Artworks that are created through actions performed by the artist or other participants, which may be live or recorded, spontaneous or scripted is called performance art.
While the terms ‘performance’ and ‘performance art’ only became widely used in the 1970s, the history of performance in the visual arts is often traced back to futurist productions and dada cabarets of the 1910s. Throughout the twentieth century performance was often seen as a non-traditional way of making art. Live-ness, physical movement and impermanence offered artists alternatives to the static permanence of painting and sculpture. In the post-war period performance became aligned with conceptual art, because of its often immaterial nature. Now an accepted part of the visual art world, the term has since been used to also describe film, video, photographic and installation-based artworks through which the actions of artists, performers or the audience are conveyed. More recently, performance has been understood as a way of engaging directly with social reality, the specifics of space and the politics of identity. In 2016, theorist Jonah Westerman remarked ‘performance is not (and never was) a medium, not something that an artwork can be but rather a set of questions and concerns about how art relates to people and the wider social world’.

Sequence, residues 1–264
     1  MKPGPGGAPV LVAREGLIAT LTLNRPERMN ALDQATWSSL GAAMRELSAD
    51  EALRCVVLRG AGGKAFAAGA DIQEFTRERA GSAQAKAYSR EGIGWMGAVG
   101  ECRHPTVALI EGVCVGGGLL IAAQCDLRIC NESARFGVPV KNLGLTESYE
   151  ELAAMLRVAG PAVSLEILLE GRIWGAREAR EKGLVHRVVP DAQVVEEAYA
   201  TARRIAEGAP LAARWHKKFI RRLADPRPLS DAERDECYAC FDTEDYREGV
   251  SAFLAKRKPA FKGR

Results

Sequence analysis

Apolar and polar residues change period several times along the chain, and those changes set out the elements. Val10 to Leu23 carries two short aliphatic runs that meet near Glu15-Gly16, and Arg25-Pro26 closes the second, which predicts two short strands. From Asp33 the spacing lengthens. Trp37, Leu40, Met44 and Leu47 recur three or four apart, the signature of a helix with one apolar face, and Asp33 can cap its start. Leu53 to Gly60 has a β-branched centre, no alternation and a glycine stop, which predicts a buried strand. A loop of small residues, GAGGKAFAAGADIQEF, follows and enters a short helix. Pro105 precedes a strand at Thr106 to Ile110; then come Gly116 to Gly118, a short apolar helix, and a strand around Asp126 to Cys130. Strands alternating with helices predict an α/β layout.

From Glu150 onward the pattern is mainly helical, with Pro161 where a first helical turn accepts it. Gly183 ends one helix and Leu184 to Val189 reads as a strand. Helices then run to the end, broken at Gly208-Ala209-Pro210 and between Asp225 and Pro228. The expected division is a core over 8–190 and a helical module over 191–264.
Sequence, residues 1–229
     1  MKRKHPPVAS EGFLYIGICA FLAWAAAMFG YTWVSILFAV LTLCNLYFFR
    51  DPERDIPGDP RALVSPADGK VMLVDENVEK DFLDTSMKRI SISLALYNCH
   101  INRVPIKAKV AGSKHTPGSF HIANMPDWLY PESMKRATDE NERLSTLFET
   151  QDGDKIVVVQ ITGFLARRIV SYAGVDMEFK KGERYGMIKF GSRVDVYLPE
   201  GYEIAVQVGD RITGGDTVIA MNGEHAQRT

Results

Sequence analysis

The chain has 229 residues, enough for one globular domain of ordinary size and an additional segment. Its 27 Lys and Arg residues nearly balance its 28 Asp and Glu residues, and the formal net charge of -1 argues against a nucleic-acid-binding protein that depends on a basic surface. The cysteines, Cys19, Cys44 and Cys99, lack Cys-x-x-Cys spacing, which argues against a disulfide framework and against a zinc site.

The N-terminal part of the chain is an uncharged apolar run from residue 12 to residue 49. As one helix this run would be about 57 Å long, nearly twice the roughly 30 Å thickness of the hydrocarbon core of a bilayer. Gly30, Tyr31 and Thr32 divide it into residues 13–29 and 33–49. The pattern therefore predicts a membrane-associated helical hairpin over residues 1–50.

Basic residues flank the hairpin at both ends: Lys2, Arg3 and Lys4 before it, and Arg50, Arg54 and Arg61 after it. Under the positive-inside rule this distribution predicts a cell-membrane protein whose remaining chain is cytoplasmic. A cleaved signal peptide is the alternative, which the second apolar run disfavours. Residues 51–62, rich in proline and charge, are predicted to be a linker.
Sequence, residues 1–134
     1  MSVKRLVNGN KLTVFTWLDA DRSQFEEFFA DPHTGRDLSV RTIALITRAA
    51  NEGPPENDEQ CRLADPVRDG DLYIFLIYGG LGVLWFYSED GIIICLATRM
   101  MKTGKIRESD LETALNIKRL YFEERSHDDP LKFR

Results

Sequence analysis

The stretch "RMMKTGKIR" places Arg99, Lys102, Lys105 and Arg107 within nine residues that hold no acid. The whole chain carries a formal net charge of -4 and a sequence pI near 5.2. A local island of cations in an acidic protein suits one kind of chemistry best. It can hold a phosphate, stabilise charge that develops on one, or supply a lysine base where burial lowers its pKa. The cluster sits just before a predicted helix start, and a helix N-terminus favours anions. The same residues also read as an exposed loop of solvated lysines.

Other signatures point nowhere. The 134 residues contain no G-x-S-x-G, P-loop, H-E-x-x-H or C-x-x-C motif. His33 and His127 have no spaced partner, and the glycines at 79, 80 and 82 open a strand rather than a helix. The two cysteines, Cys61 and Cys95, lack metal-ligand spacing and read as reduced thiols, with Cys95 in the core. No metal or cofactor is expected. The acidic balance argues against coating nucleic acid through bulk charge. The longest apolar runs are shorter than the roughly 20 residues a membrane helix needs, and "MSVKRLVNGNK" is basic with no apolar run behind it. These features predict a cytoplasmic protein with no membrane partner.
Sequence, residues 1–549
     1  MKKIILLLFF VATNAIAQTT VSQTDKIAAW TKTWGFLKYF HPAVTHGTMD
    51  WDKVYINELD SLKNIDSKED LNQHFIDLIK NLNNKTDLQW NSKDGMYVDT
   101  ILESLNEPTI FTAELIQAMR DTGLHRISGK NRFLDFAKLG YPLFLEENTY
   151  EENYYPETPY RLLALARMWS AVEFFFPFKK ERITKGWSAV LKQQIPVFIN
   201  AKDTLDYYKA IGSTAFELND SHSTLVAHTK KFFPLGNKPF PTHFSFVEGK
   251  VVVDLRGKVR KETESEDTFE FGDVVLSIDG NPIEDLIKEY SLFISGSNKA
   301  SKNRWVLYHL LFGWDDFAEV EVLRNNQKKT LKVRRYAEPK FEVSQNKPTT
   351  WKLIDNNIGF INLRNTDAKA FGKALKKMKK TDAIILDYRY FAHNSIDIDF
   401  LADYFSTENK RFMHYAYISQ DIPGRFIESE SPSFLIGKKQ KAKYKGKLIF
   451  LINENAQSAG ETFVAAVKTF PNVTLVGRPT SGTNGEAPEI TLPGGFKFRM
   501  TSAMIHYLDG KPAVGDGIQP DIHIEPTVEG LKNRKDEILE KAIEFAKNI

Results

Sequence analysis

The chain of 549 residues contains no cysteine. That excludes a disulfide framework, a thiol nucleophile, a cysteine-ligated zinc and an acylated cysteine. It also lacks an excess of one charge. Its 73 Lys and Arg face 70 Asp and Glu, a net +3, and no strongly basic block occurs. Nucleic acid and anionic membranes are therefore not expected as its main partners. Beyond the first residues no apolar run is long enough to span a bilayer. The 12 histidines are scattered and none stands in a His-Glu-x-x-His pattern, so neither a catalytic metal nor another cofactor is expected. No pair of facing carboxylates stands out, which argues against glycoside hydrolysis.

During the first edition of Gallery Weekend Stockholm Wetterling Gallery hosted a performance with the duo Seroconversion, which was a part of the then ongoing exhibition All Disco Dance Must End In Broken Bones, curated by C-print. A still snapshot of the performance can be seen here to the right.